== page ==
Exploding Customer

At Your Service
Ayler aylCD-063

Expertly demolishing the shibboleth that Scandinavian Jazz is spongy or glacial, Sweden’s Exploding Customer ignites seven tracks here by blending the energy of the Jazz Messengers with the exuberance of the Shuffle Demons.

More tonally advanced then either of those bands, the quartet ladles out-of-ordinary timbres and extended technical flourishes onto their raucous merrymaking. Chief composer Martin Küchen, as comfortable with the grinding exhortations of noise bands as minimalist improvisation, often works a groove from A (Ayler) on tenor saxophone to D (Dolphy) on alto. Yet his pinched, squalling timbres have earlier antecedents: note the stuttering Lockjaw Davis-like honks and snorts on “Goodbye Smith Town” aptly backed by the hard-hitting backbeat of drummer Kjell Nordeson.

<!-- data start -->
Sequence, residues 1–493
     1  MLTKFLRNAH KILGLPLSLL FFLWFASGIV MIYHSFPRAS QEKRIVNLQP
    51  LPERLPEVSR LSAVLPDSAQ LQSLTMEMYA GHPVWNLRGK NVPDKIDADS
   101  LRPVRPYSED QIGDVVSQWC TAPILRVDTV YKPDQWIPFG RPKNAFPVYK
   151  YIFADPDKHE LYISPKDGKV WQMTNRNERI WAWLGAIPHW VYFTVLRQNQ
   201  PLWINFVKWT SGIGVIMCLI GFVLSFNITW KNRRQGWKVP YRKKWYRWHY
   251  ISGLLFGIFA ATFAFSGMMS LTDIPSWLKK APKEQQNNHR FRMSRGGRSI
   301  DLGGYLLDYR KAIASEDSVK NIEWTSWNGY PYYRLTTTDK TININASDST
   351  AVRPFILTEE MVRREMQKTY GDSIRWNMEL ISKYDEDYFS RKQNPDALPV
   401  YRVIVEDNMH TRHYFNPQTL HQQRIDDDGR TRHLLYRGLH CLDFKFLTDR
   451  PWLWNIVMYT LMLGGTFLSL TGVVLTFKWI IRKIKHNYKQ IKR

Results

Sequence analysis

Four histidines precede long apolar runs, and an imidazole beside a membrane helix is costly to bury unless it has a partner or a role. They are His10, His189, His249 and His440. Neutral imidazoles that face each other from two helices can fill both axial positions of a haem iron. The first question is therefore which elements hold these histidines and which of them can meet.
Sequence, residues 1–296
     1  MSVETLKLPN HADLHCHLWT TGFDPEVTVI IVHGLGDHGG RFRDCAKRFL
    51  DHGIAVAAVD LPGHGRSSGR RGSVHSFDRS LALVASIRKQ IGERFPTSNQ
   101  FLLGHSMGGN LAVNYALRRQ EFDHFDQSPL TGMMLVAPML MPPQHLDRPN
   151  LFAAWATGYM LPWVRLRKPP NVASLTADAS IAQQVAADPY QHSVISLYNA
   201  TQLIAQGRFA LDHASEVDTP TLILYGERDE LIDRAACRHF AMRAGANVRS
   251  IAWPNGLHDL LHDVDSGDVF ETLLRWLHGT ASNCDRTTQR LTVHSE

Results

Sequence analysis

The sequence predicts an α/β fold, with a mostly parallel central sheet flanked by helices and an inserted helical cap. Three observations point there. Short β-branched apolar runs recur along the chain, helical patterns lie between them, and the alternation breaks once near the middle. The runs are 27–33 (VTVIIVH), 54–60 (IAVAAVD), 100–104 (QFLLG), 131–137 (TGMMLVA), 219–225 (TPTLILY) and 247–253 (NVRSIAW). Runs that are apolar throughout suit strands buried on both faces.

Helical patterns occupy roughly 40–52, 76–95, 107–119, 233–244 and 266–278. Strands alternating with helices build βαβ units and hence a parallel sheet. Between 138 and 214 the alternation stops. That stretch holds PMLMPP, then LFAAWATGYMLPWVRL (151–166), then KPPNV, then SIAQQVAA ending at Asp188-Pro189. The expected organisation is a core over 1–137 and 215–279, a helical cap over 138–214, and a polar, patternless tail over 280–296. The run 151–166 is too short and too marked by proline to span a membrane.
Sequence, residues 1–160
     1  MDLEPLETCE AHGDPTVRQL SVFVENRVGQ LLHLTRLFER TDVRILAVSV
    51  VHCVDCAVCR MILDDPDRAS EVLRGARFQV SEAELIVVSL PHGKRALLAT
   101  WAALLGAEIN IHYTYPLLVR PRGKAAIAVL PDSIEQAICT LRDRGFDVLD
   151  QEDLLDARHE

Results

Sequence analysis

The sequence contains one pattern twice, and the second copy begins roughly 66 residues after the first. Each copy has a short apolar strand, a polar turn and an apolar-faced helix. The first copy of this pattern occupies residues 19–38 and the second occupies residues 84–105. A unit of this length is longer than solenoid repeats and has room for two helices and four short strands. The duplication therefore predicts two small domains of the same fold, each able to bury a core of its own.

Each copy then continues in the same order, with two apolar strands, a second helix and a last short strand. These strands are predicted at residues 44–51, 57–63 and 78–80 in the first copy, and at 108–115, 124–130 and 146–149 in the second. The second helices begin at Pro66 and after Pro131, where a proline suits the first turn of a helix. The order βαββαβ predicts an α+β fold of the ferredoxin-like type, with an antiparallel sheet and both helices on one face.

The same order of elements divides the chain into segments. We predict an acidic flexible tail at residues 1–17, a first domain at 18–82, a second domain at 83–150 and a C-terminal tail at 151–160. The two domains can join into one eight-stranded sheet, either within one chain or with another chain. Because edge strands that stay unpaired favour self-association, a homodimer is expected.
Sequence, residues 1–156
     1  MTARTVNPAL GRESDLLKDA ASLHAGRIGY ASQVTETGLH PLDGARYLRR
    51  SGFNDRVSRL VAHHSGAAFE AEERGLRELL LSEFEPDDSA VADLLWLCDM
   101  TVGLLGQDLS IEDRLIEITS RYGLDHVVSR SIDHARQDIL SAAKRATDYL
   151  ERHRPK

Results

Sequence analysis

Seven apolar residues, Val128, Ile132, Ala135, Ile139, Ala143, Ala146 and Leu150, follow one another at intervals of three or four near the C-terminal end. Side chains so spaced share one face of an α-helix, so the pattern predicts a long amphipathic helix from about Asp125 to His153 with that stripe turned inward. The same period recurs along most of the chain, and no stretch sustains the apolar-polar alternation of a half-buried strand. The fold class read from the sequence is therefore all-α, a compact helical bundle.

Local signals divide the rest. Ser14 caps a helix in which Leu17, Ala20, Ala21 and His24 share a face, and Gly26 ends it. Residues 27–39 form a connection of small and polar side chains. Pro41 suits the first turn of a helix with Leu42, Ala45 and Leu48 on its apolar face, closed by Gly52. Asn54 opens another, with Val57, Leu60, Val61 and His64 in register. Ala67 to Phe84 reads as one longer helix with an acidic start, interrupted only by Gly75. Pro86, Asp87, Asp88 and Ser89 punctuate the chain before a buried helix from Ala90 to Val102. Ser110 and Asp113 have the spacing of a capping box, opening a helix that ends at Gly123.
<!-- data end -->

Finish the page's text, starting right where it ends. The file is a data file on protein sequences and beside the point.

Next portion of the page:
Part of the AALY trio with saxophonist Mats Gustafsson, the drummer stretches time as easily as he lays down shuffle rhythms. Meanwhile Benjamin Quigley’s bass keeps the proceedings grounded. Despite its bellicose title for instance, “Wars” is a lope, tugged in one direction by Küchen’s vocalized yowls and another by Quigley’s thumping stops. When it comes to vocalizing, the mercurial four aren’t adverse to a bit of slogan-chanting when the mood hits, although this too doesn’t compromise the overall program.

Trumpeter Tomas Hallonsten also exemplifies the band’s transformative skills. Capable of both Don Cherry-like dissonance and Rex Stewart reminiscent half-valve effects, he brings lyrical gravitas to the Spanish-tinged, practically liturgical “Els Segadors/Sin Nombre”. His sweet-salty dichotomy is also showcased on “The Supply and Demand of Love and Hate”, more than 12 minutes of slinky harmonic convergence. It features growling sputters or lyrical flourishes from Hallonsten, altissimo hocketing from Küchen and the rhythm section vibrating an andante beat.

No Ecstatic Jazz speed merchants, the Customers demonstrate that, unlike most retailers, their “at your service” is legit when framed as an improvised music listening experience.

— Ken Waxman

— For CODA Issue 335